Claire Ballor, Contributing Writer
What would you do if all of your responsibilities were temporarily postponed and the world was waiting at your fingertips? This was the fortunate but daunting question that Rome students were faced with as 10-day approached. For 10 days, classes were cancelled and the Rome campus was closed. For some, this was an opportunity to travel to as many places as possible, while for others, it was an opportunity to get to know one specific place intimately. Some students planned their 10-day months in advance, while others simply jumped on a train to see where it took them.
Sophomore Jordan Carlson decided to take the more intimate approach and spent ten days hiking a 10-square-mile portion of the Swiss Alps on his own.
“I love the outdoors and I have always wanted to hike the Alps, so I knew that was what I wanted to do for 10-day,” Carlson said. “It was great to take a break from the tight-knit community back in Rome and travel on my own, but I definitely gained an appreciation for friends and camaraderie after being alone in the wilderness.”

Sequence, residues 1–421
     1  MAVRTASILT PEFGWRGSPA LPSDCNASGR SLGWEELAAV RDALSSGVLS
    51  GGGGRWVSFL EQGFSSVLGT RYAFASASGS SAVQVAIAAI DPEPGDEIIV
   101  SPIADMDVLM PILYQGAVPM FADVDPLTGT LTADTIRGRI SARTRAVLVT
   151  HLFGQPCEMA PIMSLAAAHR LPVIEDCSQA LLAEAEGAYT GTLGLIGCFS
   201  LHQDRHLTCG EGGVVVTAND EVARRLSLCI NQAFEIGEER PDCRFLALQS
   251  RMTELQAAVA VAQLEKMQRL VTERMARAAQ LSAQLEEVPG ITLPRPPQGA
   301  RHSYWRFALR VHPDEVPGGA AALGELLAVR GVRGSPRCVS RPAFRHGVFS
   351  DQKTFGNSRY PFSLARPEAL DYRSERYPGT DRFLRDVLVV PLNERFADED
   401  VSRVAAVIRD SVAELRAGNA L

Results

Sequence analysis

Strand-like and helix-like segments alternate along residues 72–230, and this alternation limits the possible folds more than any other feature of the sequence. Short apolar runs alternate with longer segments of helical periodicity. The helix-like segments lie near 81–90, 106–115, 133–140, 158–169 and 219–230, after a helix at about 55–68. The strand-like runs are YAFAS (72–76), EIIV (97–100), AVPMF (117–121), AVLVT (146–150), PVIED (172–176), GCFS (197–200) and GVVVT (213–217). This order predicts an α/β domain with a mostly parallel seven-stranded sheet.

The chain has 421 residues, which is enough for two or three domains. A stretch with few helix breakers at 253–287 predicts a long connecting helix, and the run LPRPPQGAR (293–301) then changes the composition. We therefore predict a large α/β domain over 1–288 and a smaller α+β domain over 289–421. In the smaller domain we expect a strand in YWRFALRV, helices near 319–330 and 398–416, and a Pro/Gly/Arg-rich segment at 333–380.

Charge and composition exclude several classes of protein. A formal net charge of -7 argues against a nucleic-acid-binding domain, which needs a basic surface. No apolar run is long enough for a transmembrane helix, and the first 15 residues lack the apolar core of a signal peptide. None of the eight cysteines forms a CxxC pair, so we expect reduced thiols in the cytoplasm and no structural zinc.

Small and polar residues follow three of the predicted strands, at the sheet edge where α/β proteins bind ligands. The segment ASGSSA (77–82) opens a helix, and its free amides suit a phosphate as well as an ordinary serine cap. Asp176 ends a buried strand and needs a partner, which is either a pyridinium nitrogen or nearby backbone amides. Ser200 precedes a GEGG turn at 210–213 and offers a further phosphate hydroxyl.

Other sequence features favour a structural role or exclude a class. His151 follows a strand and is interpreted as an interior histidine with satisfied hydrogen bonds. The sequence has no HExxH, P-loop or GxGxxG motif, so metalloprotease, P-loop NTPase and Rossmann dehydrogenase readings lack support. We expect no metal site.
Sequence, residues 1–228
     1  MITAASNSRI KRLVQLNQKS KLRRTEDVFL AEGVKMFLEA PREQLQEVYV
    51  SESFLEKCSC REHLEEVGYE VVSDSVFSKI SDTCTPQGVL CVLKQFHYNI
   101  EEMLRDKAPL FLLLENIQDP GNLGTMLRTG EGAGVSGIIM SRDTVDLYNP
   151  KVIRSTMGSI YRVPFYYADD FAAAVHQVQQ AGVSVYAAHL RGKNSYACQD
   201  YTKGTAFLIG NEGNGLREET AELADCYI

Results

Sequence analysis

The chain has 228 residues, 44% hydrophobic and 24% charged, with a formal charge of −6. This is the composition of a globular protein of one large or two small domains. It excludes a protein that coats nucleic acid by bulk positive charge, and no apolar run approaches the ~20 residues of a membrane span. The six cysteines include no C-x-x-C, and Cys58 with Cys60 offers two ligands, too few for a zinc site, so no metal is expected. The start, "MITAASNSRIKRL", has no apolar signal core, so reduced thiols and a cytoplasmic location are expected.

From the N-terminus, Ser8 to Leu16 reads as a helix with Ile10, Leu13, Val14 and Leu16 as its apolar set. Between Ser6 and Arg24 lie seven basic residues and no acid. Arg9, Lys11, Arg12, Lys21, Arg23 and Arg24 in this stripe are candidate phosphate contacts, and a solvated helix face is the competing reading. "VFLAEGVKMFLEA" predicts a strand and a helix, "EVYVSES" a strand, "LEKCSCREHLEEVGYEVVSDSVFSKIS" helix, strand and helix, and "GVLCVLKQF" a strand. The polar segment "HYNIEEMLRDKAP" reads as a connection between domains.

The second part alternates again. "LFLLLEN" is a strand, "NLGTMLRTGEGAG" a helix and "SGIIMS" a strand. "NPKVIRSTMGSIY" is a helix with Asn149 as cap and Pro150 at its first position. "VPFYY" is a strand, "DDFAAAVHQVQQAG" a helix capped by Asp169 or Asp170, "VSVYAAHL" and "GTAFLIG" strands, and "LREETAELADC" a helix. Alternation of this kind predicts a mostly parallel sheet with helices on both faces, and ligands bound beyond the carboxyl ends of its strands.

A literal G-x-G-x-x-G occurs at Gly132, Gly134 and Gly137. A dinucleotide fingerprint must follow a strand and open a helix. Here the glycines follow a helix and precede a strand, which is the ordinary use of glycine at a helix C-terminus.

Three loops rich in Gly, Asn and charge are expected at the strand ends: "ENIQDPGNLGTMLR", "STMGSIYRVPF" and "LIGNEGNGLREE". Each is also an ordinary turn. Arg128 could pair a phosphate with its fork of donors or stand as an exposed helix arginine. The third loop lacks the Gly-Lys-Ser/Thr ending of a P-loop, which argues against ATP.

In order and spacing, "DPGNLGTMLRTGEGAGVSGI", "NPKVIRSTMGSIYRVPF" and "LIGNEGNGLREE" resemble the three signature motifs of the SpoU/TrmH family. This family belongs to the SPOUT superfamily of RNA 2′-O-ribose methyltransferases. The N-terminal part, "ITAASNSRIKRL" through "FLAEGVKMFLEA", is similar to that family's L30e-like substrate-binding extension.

In addition to hiking the outdoors on his own, Carlson had another formative experience. He rescued a paraglider who had crashed on the side of one of the mountains. It’s fortunate for the paraglider that Carlson had wanted to explore the Alps.
Although Carlson may not have taken the common approach of making a mad dash around Europe and traveling to a new country every other day, he was able to experience something that many people will never get to in their lives.
That isn’t to say that the mad European dash is unreasonable. For the majority, this was the chosen approach for 10-day. Sophomore Margaret Wellman, like many, spent her time traveling all throughout Eastern Europe.
“I traveled to Switzerland, Austria, the Czech Republic, and finished by meeting up with most of our class in Munich, as tradition has it,” Wellman said. “I think that knowing I had a short time in each place really made me take advantage of every moment and every opportunity. I loved being able to experience so many different cultures and meet so many new people in the short time that I was traveling. It really was a once-in-a -lifetime opportunity.”
As students gathered to share memories and tell embarrassing or outrageous stories at the end of 10-day, there was a silent recognition of the rarity of the opportunity they had just been given. As Rome students teeter at the brink of entering “the real world,” they realize that it’s unlikely they will ever be able to toss aside responsibilities and so easily travel the world again. While this realization comes with a brutal, bitter sting, it brings with it a certain sweetness, and lends importance to the memories and stories gathered on this journey of a lifetime.